Beach gems and a flying carpet

The wondrousness of the natural world inheres in even the smallest things. Two articles recently reminded me of this easy-to-forget truth. One was about sand, the other about bugs.

These “gems” are microscopically enlarged pieces of sand from Point Spencer, Alaska. As this Atlas Obscura article explains, the sand of this long, narrow spit in the Bering Sea is made up of a variety of minerals, including olivine and quartz. Point Spencer was once at the heart of Beringia, the land bridge that formerly linked Asia and North America.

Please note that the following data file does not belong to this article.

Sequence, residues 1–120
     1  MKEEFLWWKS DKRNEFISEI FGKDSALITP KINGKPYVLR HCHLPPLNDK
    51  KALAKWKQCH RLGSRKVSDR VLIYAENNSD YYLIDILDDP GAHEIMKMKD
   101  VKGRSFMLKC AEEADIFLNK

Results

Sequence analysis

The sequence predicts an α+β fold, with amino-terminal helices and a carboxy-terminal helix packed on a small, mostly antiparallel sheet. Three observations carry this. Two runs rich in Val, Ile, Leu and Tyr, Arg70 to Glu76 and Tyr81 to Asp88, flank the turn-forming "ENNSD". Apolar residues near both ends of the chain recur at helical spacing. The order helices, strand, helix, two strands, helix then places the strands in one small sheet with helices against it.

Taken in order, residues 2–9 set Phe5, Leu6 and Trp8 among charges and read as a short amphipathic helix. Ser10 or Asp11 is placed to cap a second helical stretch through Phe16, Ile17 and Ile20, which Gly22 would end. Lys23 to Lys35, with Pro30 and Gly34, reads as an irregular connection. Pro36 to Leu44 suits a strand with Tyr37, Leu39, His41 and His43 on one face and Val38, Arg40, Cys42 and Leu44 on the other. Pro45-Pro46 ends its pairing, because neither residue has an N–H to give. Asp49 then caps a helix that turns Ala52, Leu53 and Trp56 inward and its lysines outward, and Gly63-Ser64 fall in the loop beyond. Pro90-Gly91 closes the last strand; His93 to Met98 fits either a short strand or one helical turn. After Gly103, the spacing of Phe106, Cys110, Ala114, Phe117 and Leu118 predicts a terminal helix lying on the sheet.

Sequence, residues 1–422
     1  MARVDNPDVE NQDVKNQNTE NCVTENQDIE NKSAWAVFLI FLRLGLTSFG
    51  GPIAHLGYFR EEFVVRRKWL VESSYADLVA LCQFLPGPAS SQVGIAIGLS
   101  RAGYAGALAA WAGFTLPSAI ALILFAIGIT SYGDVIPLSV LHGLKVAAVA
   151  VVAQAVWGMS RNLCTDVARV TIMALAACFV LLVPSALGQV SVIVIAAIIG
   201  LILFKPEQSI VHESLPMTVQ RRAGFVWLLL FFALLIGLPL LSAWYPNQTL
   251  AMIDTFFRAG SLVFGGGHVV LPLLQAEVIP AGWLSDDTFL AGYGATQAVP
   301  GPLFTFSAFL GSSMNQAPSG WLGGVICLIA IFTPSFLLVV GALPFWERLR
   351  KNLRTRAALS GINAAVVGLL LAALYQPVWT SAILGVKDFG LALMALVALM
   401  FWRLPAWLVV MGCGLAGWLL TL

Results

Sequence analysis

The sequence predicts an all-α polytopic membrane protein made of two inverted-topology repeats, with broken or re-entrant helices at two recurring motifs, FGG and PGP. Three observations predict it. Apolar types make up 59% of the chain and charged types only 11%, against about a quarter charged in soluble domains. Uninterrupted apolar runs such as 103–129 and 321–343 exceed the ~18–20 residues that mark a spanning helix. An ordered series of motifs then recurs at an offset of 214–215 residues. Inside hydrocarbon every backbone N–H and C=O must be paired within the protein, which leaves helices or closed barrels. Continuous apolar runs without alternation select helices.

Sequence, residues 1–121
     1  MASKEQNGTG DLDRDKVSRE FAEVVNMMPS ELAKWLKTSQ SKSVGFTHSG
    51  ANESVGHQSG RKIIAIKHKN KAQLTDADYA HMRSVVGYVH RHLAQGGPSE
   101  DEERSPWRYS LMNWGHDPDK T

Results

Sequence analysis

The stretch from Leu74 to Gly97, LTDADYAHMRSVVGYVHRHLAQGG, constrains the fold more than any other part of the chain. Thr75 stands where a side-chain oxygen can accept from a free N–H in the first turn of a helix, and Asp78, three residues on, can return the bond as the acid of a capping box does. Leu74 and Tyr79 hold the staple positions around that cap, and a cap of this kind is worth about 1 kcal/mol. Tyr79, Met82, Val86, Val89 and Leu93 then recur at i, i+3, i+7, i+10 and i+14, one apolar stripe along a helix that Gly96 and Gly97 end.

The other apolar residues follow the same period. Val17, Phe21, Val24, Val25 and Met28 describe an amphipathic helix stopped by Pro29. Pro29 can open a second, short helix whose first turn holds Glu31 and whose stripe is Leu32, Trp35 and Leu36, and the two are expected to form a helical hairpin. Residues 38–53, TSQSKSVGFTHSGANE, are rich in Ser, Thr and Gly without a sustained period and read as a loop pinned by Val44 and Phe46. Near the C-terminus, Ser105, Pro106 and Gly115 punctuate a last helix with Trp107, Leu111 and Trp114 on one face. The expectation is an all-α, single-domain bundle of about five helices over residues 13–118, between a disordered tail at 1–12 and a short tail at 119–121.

And the bugs, you ask? This piece in The Guardian describes a high, narrow pass in the Pyrenees Mountains, between France and Spain. Each year, more than 17 million tiny insects migrate through this cleft in the mountains, which is about 30 yards (or meters) wide. Researchers say their flight looks like a flying carpet and gives off a low, penetrating hum. They hope that studying the phenomenon will help bring attention to the plight of insects, which are suffering alarming population crashes around the world. And as the insects go, so goes the rest of life on this planet. We all need that flying carpet.